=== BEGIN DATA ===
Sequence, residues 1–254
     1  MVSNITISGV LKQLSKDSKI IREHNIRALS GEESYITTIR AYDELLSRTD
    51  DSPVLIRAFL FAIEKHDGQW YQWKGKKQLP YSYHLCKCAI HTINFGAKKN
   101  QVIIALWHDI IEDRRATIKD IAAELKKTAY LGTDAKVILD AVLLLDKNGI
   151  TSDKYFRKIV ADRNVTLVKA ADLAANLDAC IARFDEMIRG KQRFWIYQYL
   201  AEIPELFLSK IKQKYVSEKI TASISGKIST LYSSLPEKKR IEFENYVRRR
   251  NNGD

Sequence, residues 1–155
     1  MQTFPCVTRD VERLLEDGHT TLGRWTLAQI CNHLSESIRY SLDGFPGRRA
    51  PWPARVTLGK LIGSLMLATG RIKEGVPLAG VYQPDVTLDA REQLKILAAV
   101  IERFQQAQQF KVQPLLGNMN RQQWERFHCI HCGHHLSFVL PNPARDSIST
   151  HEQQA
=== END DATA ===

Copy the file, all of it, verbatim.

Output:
Sequence, residues 1–254
     1  MVSNITISGV LKQLSKDSKI IREHNIRALS GEESYITTIR AYDELLSRTD
    51  DSPVLIRAFL FAIEKHDGQW YQWKGKKQLP YSYHLCKCAI HTINFGAKKN
   101  QVIIALWHDI IEDRRATIKD IAAELKKTAY LGTDAKVILD AVLLLDKNGI
   151  TSDKYFRKIV ADRNVTLVKA ADLAANLDAC IARFDEMIRG KQRFWIYQYL
   201  AEIPELFLSK IKQKYVSEKI TASISGKIST LYSSLPEKKR IEFENYVRRR
   251  NNGD

Sequence, residues 1–155
     1  MQTFPCVTRD VERLLEDGHT TLGRWTLAQI CNHLSESIRY SLDGFPGRRA
    51  PWPARVTLGK LIGSLMLATG RIKEGVPLAG VYQPDVTLDA REQLKILAAV
   101  IERFQQAQQF KVQPLLGNMN RQQWERFHCI HCGHHLSFVL PNPARDSIST
   151  HEQQA